Over the weekend, I finally had the opportunity to watch King Corn, a documentary following an acre of corn. If you haven’t seen it, I highly recommend you do. Like Michael Pollan’s books, especially The Omnivore’s Dilemma, it helps connect the dots regarding U.S. food policy, industrialized food, fast food, and more.
King Corn also inspired me to dust off my copy of Eric Schlosser’s Fast Food Nation, the book that in many ways sparked my interest in sustainable food systems. As a history of the fast food industy, I am hoping a reread will help me better understand fast food’s role in creating today’s unsustainable food system, especially before the early 1970s when U.S. agriculture policy took a 180 degree turn.
At this point, here are what I believe are the major contributors that have created the food “mess” we find ourselves today (What’s missing?):
- Urban Sprawl – The U.S. interstate system, cheap oil, and the rapid growth of the auto industry contributed to a significant migration of people out of America’s cities to the suburbs. I am sure there were other contributors. Regardless, this exodus provided the perfect accelerator for a young fast food industry to move beyond its humble roots to the mainstream. Soon, fast food joints were popping up at every interstate exit. With such significant growth opportunities in sight, fast food industry leaders recognized the need for even cheaper food to fund its expansion.
- U.S. Agriculture Policy – In the early 1970s, under Ag Secretary Earl L. Butz, and as pointed out in King Corn, the U.S. shifted from a policy of paying farms not to produce, to subidizing over production. According to the New York Times, “Mr. Butz maintained that a free-market policy, encouraging farmers to produce more and to sell their surplus overseas, could bring them higher prices.”
- 1938 Food, Drug and Cosmetic Act – This Act of Congress required that any food product that wasn’t the real thing must include the word “imitation” on its label. Around the same time that Secretary Butz was moving agriculture through its 180 degree swing, the Food and Drug Administration (FDA) quitely repealed the Act, thus giving food manufacturers something they had been lobbying for for decades. Without such labeling, something like Sara Lee’s Soft & Smooth Whole Grain White Bread, along with its very long list of ingredients could be classified as “real” bread the same way as freshly baked bread with 4-5 whole food ingredients. [Thanks to Michael Pollan’s In Defense of Food for pointing out this critical policy change (quote).]
- High Fructose Corn Syrup Industry – In my recent post titled Is Industrial Food Stealing Farmers Lunch Money?, I highlighted a 12-cent shift in the allocation of consumer expenditures on food since the early 1980. That 12 cents of every dollar now goes to the “food marketing system” instead of farmers who saw their share go from 31 cents of every dollar to 19 cents (a 40% decline). What I learned from King Corn is that this shift began around the same time that significant corn surpluses motivated large investments in developing cheaper high fructose corn syrup, which was helped by declines in corn prices.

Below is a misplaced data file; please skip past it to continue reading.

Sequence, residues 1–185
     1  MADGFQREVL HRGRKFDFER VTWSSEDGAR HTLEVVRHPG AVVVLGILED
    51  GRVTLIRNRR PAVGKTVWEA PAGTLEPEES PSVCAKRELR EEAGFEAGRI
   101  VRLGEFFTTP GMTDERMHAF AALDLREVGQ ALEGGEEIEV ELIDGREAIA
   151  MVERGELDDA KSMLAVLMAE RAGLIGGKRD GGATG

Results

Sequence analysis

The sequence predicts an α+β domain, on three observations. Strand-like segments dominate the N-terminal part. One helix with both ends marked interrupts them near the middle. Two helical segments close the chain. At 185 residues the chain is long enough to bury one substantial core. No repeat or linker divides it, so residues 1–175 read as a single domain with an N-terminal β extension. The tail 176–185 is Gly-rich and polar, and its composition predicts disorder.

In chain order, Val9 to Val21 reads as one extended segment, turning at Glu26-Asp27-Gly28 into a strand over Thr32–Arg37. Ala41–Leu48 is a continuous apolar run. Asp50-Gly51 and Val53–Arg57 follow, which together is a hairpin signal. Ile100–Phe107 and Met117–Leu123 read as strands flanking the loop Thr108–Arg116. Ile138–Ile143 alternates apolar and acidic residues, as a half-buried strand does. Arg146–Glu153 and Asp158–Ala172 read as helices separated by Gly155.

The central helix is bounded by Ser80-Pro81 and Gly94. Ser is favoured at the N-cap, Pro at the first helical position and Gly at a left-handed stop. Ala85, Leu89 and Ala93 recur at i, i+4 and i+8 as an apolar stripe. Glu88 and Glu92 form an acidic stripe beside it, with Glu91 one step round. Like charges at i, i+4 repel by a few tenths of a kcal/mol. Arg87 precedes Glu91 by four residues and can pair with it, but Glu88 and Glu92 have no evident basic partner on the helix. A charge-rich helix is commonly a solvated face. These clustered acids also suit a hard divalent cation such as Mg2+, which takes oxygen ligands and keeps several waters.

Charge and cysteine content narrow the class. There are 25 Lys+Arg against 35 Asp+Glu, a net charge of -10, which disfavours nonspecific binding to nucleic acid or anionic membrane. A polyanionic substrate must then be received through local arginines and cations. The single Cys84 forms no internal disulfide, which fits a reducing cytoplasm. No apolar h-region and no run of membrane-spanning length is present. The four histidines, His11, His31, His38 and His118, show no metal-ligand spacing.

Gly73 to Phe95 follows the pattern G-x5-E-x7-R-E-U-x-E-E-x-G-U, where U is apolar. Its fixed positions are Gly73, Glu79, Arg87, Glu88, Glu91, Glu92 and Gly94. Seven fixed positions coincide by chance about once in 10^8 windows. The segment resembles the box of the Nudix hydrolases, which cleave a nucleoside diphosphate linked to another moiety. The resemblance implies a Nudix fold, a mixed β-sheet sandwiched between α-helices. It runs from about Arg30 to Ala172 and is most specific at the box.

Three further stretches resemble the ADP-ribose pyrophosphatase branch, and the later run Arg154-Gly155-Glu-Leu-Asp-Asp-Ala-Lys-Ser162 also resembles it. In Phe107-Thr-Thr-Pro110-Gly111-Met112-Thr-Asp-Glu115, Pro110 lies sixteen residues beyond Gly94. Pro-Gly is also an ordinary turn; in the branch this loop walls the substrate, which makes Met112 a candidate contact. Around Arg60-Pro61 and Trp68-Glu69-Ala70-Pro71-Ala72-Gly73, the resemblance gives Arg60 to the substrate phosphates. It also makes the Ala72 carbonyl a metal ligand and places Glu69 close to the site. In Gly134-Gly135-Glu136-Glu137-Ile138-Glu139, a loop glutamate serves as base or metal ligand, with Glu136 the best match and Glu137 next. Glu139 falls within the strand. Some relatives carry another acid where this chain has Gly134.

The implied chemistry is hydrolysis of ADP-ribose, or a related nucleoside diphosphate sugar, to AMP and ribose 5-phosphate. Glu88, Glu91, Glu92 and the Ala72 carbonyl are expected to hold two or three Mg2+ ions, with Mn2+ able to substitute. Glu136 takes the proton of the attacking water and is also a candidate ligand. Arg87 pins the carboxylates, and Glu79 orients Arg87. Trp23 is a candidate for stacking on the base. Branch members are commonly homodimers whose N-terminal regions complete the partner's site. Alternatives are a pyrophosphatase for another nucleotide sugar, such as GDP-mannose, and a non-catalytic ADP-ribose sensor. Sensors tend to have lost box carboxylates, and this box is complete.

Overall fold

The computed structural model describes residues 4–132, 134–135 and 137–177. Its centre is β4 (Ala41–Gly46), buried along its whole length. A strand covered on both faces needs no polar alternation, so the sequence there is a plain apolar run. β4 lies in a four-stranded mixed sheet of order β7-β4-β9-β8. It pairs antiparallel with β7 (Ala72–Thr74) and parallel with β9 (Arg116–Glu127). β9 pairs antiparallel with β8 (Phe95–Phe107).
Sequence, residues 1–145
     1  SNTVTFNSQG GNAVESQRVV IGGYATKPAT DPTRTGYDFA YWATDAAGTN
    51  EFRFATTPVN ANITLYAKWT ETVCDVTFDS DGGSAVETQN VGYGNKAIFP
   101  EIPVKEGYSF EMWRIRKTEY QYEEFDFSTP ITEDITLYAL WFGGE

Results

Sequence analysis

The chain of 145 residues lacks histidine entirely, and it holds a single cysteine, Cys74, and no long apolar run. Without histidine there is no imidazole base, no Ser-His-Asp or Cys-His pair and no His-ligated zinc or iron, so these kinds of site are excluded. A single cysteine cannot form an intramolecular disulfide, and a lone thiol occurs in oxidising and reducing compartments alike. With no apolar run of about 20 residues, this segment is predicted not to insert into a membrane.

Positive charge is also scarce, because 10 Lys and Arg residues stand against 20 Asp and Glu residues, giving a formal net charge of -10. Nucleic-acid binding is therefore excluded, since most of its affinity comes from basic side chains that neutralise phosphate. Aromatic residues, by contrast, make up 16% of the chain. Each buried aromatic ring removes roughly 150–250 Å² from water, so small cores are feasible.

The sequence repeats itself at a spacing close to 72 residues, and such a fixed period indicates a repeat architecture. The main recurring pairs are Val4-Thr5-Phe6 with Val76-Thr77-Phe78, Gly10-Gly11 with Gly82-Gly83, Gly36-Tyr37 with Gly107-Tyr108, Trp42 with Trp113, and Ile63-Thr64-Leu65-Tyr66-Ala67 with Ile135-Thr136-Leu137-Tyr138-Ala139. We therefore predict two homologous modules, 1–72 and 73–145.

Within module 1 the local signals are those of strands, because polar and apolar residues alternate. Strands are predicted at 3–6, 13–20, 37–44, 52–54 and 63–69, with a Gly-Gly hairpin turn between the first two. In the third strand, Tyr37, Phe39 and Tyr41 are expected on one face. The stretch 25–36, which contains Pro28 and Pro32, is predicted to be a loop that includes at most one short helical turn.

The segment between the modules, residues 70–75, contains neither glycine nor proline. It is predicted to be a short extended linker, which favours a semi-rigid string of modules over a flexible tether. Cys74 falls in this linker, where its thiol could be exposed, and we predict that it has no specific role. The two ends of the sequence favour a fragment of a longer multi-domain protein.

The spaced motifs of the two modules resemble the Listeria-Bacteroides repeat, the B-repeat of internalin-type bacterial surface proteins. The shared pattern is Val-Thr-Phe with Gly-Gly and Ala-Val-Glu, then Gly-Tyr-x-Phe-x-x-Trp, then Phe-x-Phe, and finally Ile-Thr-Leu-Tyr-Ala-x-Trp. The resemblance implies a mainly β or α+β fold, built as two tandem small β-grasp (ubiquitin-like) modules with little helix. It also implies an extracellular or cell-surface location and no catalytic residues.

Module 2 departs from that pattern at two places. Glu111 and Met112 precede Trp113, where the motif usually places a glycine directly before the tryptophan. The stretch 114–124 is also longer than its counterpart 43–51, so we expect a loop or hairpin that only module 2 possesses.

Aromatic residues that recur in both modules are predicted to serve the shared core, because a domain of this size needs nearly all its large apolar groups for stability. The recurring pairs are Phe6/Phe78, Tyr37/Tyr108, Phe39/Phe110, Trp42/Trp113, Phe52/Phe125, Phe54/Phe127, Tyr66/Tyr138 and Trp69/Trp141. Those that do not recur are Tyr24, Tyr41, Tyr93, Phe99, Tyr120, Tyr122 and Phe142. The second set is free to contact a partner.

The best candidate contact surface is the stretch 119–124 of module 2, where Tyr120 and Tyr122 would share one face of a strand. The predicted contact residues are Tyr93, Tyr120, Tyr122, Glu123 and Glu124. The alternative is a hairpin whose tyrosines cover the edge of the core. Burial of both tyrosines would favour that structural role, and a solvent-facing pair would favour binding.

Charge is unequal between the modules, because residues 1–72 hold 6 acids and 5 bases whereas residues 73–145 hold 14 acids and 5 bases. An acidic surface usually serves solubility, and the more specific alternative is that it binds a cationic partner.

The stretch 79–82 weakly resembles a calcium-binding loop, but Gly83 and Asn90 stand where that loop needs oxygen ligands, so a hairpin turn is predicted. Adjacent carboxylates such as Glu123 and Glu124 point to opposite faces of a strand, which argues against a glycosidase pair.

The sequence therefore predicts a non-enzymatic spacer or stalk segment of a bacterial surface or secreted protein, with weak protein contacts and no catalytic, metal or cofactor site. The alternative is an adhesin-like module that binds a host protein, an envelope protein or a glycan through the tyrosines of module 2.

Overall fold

The result of all of this is an abundance of cheap food in America, much of which would be better defined as fast or fake cheap food. Of course Earl Butz, during an on-screen interview in King Corn, was proud of the fact that we can now feed ourselves with 16-17 percent of our take-home pay, leaving us more money to spend on other things. On the surface, this makes a lot of sense.
Unfortunately, increasing amounts of our money now goes toward rapidly increasing health care costs, which in large part are due to our deterioting health caused by what we eat. If it hasn’t happened already, I’m betting before too long that consumer spending on food plus health care will leave us pretty much where we started – tight family budgets and a lower quality of life.
Seems like the perfect time to shift from our “Quantity Economy” to one of quality. Granted it likely means eating less and paying more, but the alternative is not sustainable.
Related Information and Links:
It’s interesting how many of us local, sustainable food activists have been influenced by some of the same works – Fast Food Nation, Omnivores Dilemma, etc. It all makes so much sense when you put it all together, huh? Obesity & healthcare cost increases, food costs “decrease”. I wonder if there will be class action lawsuits someday for the HFCS producers, kind of like there are today for tobacco and cigarette producers?
I recently read somewhere (making mental note to try to find article) that food companies are lobbying to make it impossible for people to sue them for eating bad food. So, I am quite certain that industrial food sees the writing on the wall and is doing what it can to not be held accountable for its share of the problems created. What a surprise!
Interesting to me is to note that in point 2 above NEITHER federal policy was “free market.” In the first, we subsidize non-production, rather than letting the markets do that by driving forces down so low farmers would be stupid to keep planting those crops. And in the second example, under Mr.Butz, we subsidize over-production, such that without government subsidies farmers would lose money on every acre of land they plant. How the NYTimes called the system “free market” is beyond me.
(Sorry, that’s the amateur economist coming out in me.)
Another excellent, thoughtful post. I’d add the 1977 Senate Select Committee on Nutrition and Human Needs, described by Pollan in “In Defense of Food” as a turning point, spurring the separation of food from nutrients that you’ve written compellingly about in the recent past.
Confusing consumers into complacency is not a recent phenomenon. Information is surely power here.